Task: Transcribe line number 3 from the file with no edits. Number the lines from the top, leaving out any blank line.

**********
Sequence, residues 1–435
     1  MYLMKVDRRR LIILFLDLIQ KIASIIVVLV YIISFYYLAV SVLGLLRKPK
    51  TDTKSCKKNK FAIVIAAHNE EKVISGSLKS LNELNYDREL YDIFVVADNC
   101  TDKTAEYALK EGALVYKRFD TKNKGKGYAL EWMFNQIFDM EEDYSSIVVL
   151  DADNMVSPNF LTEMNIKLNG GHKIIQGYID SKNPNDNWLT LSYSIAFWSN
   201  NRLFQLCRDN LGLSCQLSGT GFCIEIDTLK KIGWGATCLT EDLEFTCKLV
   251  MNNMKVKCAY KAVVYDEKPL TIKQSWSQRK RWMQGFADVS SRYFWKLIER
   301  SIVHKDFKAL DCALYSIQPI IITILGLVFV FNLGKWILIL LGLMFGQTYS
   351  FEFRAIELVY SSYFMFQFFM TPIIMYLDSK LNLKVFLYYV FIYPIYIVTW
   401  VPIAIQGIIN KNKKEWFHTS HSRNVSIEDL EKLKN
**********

    51  TDTKSCKKNK FAIVIAAHNE EKVISGSLKS LNELNYDREL YDIFVVADNC